The Baroque period of music falls roughly between the years 1600 and 1750; it was popular throughout many countries of Europe including Italy, France, England, and Germany (Thornburgh 1990). The style of Baroque music sounds very organized, logical, and formal. This has led some critics to describe Baroque music to be emotionally cold, but when performed by the virtuoso performers it was composed for, this music offers a full range of emotions, is captivating, and delightful. There are a great variety of different styles in Baroque music, some of this depending on the time (early, middle, or late during the Baroque period), the country of its origin, and the patron or occasion it was composed for. Common instruments found in the music are voice, violin, cello, viola, double bass, the fretted viola da gamba, recorders, valveless trumpets, and the harpsichord. In spite of its diversity, Baroque music had in common the use of continuo, or “thorough bass,” and ornamentation devices like grace notes, the mordant, vibrato, or trills (Thornburgh 1990). The ornamentations usually were not written by the composers, but left to the musician to add as he felt necessary, which shows that there was some room for improvisation in Baroque music, in spite of its reputation as a very logical, methodical sound. Important Baroque musicians and some of their best known pieces include Johann Sebastian Bach (Well-Tempered Clavier, Inventions), Francois Couperin (Le dodo ou l'amour au berceau, L'evapore), Antonio Vivaldi (The Four Seasons), and George Frideric Handel (Messiah, Water Music).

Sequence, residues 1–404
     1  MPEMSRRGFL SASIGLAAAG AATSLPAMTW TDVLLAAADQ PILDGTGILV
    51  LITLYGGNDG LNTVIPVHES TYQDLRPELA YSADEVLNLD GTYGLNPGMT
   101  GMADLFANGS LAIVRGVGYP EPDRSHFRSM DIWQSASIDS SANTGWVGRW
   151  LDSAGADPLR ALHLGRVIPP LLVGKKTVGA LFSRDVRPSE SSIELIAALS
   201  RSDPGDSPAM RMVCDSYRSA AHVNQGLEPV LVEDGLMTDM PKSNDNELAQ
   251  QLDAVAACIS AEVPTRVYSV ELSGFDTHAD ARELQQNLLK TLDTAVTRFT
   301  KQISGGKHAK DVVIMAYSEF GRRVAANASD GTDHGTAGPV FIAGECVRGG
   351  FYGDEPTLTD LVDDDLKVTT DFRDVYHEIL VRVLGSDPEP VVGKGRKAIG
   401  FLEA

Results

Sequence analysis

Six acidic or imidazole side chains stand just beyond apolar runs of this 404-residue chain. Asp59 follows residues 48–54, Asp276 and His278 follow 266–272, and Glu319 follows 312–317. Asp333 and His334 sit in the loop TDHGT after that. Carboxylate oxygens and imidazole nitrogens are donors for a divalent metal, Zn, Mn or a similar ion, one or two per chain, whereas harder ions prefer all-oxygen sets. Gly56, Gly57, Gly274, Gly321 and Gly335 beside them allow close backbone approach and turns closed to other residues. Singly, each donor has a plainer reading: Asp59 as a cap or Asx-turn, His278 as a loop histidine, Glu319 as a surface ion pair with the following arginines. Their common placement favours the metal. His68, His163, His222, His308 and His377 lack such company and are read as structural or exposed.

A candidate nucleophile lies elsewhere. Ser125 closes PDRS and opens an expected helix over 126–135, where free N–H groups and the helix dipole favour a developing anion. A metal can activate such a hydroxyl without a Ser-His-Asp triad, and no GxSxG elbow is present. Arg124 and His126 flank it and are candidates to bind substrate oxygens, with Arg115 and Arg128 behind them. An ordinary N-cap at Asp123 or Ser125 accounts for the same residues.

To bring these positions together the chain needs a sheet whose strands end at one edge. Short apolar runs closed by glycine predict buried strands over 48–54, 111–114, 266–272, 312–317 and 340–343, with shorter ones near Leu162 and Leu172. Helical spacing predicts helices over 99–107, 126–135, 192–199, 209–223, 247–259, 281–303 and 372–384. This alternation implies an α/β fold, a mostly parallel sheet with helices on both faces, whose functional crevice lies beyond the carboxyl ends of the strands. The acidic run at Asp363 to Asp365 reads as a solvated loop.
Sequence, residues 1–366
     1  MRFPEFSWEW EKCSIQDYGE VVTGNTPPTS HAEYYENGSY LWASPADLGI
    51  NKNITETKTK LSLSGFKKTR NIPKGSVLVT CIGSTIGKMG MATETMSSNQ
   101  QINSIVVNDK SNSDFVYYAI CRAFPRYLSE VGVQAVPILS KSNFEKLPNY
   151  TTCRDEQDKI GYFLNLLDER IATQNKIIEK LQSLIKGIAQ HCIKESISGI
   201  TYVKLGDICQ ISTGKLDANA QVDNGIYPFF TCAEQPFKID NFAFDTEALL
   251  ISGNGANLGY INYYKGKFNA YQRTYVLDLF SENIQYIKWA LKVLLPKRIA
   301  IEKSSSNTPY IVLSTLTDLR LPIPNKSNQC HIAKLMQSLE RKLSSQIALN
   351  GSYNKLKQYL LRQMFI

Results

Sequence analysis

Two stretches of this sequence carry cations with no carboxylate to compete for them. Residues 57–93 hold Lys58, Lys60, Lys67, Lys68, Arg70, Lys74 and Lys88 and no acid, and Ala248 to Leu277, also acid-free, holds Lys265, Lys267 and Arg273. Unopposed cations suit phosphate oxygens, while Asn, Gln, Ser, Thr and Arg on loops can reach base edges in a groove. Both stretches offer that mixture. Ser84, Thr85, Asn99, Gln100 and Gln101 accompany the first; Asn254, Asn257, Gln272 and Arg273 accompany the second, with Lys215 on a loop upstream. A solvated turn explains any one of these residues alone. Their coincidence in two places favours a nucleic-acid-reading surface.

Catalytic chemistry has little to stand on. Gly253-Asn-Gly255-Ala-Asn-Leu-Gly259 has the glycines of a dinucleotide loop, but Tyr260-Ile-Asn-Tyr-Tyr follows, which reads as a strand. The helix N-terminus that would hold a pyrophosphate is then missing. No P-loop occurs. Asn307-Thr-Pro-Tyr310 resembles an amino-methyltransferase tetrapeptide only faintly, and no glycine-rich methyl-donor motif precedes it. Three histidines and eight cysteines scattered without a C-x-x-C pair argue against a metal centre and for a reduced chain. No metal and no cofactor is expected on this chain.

The Romantic period of music occurred later than the Baroque period, and “can very roughly but conveniently be defined as the period from the death of Beethoven in 1827 to the death of Mahler in 1911” (Swann 1990). Romantic music has a very different sound than Baroque music, in part because of some of the instruments required by the composers. The piano, which was new and undeveloped during the Baroque period, became a mainstay of many composers and performers such as Franz Liszt and Frederic Chopin. Other Romantic composers used full symphonies to create their pieces. Unlike the Baroque composers who typically wrote music for the special occasions of their patrons, Romantic composers were writing for larger audiences at the cusp of the industrial age. This age of progress was seen as in rivalry with nature, and Romantic artists wanted to be seen as an antagonistic force outside of Society and its new, mechanical innovations. The term “Romantic” does not infer that the pieces are about love, as people typically define the word today, but reflects the more fantastic, exotic, and emotional definition of the term. Important Romantic musicians and some of their best known pieces include Frederic Chopin (Waltzes, Mazurkas, Polonaises, and Nocturnes), Hector Berlioz (Grand Traité d’Instrumentation et d’Orchestration Modernes), Franz Liszt (Hungarian Rhapsodies) and Richard Wagner (Tristan und Isolde) (Swann 1990).
Thornburgh, Elaine. “Baroque Music.” World Music in Contemporary Life. San Diego State University, 1990. Web.
Swann, Jeffrey. “Classical Music and Romantic Music.” World Music in Contemporary Life. San Diego State University, 1990. Web.